By Robert A. Vella
Late on Tuesday, the U.S. 10th Circuit Court of Appeals issued a ruling that shocked legal scholars and democracy proponents across the nation. The decision clearly asserts that electors selected by the six states within its jurisdiction (Colorado, Kansas, New Mexico, Oklahoma, Utah, end Wyoming) for the Electoral College (used in U.S. presidential elections) are free to vote any way they choose regardless of the popular vote result in their state or how their respective political parties want them to vote. Let that settle in for a moment, dear readers. As undemocratic as the Electoral College is, this ruling eviscerates the very foundation of a representative democracy – i.e. that the people elect their representatives in government under the principle of one person, one vote. If the 10th Circuit’s decision is upheld by the U.S. Supreme Court, then the national popular vote could become completely superfluous and presidents would be elected by just 538 individuals under no constraints whatsoever. Politicians like Donald Trump, who use bribery and intimidation tactics to acquire wealth and power, must be licking their chops right now.
It is unclear how this ruling might affect the National Popular Vote Interstate Compact movement which is attempting to circumvent the inherently undemocratic Electoral College. Here is the constitutional basis for the NPVIC from Wikipedia:
The compact would modify the way participating states implement Article II, Section 1, Clause 2 of the U.S. Constitution, which requires each state legislature to define a method to appoint its electors to vote in the Electoral College. The Constitution does not mandate any particular legislative scheme for selecting electors, and instead vests state legislatures with the exclusive power to choose how to allocate their states’ electors (although systems that violate the 14th Amendment, which mandates equal protection of law and prohibits racial discrimination, would be prohibited).
Meanwhile, the growing international backlash against President Trump’s raging megalomania is breaking down diplomatic relations and U.S. cooperation with foreign countries to the point where world leaders are expressing grave concern and are taking unusual steps to disengage from his increasingly isolated administration. As the president becomes more and more frustrated with political realities which contradict his insular views of himself as a leader, his demented ego is running so amok that he is now openly equating himself to a king and to a messiah.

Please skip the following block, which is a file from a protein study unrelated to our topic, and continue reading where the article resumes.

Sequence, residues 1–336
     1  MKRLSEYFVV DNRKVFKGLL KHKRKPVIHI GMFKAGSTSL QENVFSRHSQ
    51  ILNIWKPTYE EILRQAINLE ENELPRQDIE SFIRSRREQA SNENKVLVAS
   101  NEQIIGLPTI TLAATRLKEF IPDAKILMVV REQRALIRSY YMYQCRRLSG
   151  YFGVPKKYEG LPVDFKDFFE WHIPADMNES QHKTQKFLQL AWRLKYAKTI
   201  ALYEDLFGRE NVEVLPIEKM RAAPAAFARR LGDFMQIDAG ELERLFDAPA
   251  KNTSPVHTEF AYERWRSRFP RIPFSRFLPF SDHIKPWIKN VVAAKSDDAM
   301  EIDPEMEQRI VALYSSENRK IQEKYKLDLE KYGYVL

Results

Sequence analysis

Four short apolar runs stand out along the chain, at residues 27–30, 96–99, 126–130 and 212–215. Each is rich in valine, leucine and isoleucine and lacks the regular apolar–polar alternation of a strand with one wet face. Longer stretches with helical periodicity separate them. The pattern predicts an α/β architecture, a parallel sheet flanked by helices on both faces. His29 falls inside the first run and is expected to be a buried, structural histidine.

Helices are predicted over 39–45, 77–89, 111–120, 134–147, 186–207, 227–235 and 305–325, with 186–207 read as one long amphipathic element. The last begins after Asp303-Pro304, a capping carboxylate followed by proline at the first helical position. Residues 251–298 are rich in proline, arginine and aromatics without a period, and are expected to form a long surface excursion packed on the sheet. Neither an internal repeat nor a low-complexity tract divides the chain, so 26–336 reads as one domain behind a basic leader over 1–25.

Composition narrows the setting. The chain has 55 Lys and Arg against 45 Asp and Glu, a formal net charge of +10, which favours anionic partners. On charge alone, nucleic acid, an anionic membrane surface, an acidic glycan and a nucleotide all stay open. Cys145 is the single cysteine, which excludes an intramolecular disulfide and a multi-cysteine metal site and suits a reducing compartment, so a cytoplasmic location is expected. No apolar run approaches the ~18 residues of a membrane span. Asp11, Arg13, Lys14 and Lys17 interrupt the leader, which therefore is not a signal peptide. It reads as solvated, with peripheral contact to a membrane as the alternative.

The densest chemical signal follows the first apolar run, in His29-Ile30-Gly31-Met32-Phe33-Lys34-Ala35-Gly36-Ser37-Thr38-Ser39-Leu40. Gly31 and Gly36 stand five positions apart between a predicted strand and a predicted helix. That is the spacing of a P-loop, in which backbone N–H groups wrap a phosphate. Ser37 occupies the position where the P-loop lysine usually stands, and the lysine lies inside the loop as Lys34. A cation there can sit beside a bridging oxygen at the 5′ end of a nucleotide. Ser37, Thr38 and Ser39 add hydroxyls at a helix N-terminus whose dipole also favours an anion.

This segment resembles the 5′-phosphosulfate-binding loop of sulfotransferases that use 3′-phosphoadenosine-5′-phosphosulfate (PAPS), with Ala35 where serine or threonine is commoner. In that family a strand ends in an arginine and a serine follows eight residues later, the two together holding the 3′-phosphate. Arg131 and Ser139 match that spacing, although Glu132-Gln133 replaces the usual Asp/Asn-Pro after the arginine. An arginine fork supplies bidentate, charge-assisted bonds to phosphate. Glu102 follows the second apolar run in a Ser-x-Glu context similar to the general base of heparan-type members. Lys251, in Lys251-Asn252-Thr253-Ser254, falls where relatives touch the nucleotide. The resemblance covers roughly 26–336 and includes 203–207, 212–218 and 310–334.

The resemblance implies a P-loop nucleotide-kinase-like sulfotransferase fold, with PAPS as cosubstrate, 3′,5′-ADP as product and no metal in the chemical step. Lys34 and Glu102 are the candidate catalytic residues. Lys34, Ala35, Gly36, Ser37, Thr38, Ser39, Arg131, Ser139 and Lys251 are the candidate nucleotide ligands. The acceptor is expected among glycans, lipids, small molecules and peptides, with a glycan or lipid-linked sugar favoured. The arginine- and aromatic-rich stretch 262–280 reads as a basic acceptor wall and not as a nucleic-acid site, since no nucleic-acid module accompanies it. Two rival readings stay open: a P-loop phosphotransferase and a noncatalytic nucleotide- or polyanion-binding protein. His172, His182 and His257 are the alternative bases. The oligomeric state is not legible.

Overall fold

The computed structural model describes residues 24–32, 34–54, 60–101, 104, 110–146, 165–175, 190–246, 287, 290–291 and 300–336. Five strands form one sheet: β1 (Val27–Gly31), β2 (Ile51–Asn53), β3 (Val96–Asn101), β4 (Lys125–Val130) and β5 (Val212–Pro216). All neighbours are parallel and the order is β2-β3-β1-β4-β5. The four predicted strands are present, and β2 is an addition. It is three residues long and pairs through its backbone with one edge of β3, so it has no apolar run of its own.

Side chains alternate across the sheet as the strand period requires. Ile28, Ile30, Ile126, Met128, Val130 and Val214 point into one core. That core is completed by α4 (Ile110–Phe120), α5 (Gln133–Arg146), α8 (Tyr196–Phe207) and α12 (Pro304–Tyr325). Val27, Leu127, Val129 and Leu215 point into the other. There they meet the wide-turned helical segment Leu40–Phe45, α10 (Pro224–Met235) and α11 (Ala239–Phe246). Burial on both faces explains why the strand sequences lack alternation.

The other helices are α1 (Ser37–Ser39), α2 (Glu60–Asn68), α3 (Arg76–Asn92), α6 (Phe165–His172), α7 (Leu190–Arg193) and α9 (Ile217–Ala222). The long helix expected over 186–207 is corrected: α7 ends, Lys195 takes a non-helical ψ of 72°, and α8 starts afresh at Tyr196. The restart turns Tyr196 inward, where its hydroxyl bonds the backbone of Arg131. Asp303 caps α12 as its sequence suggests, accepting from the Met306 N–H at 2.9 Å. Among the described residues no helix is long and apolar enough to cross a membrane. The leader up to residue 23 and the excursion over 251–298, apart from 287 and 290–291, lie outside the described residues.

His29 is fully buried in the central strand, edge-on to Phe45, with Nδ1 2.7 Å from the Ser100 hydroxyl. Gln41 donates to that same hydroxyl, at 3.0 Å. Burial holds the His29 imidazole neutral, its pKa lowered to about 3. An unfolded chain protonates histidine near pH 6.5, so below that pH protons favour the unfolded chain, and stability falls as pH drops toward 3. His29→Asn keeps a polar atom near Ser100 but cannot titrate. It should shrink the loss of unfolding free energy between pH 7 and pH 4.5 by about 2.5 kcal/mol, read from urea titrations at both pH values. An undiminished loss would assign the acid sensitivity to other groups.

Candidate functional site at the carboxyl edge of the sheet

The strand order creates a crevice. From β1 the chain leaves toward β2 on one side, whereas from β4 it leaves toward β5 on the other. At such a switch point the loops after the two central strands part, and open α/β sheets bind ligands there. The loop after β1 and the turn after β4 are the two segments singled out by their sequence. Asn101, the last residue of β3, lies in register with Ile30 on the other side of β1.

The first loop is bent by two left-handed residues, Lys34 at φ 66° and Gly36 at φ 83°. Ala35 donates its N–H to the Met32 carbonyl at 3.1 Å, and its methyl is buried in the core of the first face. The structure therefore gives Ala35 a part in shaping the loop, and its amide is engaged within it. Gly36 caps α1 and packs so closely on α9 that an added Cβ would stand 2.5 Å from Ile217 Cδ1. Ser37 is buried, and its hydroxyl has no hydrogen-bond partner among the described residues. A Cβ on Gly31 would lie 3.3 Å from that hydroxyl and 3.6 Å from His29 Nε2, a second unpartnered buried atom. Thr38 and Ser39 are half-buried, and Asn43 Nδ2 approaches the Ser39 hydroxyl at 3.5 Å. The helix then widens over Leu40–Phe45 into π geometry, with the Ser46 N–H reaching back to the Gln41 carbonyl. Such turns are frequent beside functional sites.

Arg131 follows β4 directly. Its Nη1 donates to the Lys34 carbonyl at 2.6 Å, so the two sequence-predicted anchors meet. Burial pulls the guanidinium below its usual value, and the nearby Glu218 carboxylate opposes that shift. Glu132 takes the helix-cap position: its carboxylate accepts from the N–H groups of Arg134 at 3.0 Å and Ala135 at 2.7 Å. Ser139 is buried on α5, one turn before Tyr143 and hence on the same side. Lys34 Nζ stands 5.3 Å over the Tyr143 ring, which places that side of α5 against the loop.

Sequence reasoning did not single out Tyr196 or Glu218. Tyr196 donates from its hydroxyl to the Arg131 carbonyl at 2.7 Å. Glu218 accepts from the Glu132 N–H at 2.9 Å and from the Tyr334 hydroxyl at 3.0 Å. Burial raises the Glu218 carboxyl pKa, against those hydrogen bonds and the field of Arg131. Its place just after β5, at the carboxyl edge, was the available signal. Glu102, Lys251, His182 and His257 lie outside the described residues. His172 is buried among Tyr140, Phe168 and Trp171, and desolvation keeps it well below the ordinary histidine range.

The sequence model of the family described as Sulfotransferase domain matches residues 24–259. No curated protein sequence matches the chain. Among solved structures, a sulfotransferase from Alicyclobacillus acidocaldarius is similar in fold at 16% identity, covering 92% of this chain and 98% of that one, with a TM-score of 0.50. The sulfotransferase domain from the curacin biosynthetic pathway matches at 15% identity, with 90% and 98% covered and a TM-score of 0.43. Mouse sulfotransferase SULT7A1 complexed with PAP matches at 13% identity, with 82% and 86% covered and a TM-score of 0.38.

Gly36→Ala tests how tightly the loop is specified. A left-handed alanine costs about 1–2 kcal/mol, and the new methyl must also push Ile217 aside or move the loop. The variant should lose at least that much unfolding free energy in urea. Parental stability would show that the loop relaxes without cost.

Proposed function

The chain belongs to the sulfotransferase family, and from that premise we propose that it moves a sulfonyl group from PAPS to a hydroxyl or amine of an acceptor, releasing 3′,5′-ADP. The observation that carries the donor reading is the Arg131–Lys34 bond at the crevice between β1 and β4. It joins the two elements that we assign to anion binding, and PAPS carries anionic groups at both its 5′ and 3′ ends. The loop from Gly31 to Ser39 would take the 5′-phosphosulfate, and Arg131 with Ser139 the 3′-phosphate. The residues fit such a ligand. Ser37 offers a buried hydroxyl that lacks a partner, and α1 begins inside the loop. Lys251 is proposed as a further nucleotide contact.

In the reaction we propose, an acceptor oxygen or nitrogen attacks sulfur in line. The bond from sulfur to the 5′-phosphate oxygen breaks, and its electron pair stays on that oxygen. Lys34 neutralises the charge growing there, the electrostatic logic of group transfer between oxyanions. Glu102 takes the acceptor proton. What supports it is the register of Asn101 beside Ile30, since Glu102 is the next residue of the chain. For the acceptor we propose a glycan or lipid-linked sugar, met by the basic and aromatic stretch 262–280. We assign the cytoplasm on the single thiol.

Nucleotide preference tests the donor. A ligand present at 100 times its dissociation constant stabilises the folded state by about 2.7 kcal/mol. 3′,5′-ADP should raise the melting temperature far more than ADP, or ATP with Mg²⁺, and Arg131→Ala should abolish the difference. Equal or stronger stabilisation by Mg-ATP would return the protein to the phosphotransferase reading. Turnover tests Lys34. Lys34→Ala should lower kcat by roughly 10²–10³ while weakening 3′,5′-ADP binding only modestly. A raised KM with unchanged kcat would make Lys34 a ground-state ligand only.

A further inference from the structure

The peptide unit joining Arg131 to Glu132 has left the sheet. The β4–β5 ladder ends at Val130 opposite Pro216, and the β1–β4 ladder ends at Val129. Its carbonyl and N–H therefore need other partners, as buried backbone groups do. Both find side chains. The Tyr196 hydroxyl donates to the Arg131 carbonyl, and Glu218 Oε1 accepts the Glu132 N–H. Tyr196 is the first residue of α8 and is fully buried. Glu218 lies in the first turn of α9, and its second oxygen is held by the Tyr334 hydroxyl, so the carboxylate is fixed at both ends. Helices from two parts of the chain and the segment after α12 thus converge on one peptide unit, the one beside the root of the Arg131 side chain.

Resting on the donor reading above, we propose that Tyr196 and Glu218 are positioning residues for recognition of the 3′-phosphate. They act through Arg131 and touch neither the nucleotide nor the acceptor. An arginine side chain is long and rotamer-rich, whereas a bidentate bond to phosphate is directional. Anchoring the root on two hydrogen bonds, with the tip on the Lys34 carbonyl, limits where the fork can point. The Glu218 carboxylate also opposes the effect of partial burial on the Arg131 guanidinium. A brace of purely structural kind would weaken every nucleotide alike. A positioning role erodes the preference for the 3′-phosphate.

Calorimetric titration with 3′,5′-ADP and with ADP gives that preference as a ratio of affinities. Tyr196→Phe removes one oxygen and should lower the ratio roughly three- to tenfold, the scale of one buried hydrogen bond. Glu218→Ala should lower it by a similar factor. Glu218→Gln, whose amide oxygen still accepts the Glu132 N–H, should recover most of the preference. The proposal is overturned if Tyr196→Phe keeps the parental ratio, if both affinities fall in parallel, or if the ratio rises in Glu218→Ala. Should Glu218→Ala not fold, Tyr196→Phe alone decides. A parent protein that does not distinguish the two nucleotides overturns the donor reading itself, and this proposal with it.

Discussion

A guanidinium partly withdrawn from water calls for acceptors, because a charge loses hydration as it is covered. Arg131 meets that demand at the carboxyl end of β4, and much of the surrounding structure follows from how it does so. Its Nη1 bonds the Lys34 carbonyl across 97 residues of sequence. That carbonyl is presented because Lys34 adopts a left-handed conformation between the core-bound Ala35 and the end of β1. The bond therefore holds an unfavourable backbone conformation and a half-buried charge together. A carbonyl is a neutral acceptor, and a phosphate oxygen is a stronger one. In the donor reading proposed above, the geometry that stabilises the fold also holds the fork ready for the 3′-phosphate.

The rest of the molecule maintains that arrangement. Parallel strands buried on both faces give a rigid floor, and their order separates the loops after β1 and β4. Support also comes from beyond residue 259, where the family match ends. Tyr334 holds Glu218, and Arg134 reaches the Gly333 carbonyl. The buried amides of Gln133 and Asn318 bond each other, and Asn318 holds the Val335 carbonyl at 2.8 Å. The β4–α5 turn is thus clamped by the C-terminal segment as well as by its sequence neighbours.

A dangerous precedent
“This issue could be a ticking time bomb in our divided politics. It’s not hard to imagine how a single faithless elector, voting differently than his or her state did, could swing a close presidential election,” said Mark Murray, NBC News senior political editor.
It hasn’t been much of an issue in American political history because when an elector refuses to follow the results of a state’s popular vote, the state simply throws the ballot away. But Tuesday’s ruling says states cannot do that.
A total of 30 states have laws that bind electors, requiring them to cast their votes for whichever candidate won that state’s popular vote. But the laws are weak, providing only nominal penalties for what are known as “faithless electors” who fail to conform to the popular vote.
The Supreme Court ruled in 1952 that states do not violate the Constitution when they require electors to pledge that they will abide by the popular vote. But the justices have never said whether it is constitutional to enforce those pledges.
“This court decision takes power from Colorado voters and sets a dangerous precedent,” said Jena Griswold, Colorado’s secretary of state. “Our nation stands on the principle of one person, one vote. We are reviewing this decision with our attorneys, and will vigorously protect Colorado voters.”